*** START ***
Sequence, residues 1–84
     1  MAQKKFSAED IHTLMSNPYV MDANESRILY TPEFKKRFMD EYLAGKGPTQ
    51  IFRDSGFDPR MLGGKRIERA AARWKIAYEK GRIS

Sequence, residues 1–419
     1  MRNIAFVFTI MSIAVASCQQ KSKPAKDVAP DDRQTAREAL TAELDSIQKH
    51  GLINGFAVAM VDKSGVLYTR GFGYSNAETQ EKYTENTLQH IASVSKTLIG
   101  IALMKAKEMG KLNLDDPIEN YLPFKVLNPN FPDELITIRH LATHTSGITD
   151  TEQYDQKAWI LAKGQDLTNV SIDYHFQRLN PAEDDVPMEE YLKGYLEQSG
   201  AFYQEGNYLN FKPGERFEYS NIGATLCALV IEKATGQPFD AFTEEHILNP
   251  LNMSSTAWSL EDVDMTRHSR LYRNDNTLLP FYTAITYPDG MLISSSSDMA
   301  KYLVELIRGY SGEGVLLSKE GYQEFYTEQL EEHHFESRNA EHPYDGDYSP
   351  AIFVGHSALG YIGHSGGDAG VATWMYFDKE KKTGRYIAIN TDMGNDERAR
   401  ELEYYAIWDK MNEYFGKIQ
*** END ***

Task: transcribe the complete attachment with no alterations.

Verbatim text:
Sequence, residues 1–84
     1  MAQKKFSAED IHTLMSNPYV MDANESRILY TPEFKKRFMD EYLAGKGPTQ
    51  IFRDSGFDPR MLGGKRIERA AARWKIAYEK GRIS

Sequence, residues 1–419
     1  MRNIAFVFTI MSIAVASCQQ KSKPAKDVAP DDRQTAREAL TAELDSIQKH
    51  GLINGFAVAM VDKSGVLYTR GFGYSNAETQ EKYTENTLQH IASVSKTLIG
   101  IALMKAKEMG KLNLDDPIEN YLPFKVLNPN FPDELITIRH LATHTSGITD
   151  TEQYDQKAWI LAKGQDLTNV SIDYHFQRLN PAEDDVPMEE YLKGYLEQSG
   201  AFYQEGNYLN FKPGERFEYS NIGATLCALV IEKATGQPFD AFTEEHILNP
   251  LNMSSTAWSL EDVDMTRHSR LYRNDNTLLP FYTAITYPDG MLISSSSDMA
   301  KYLVELIRGY SGEGVLLSKE GYQEFYTEQL EEHHFESRNA EHPYDGDYSP
   351  AIFVGHSALG YIGHSGGDAG VATWMYFDKE KKTGRYIAIN TDMGNDERAR
   401  ELEYYAIWDK MNEYFGKIQ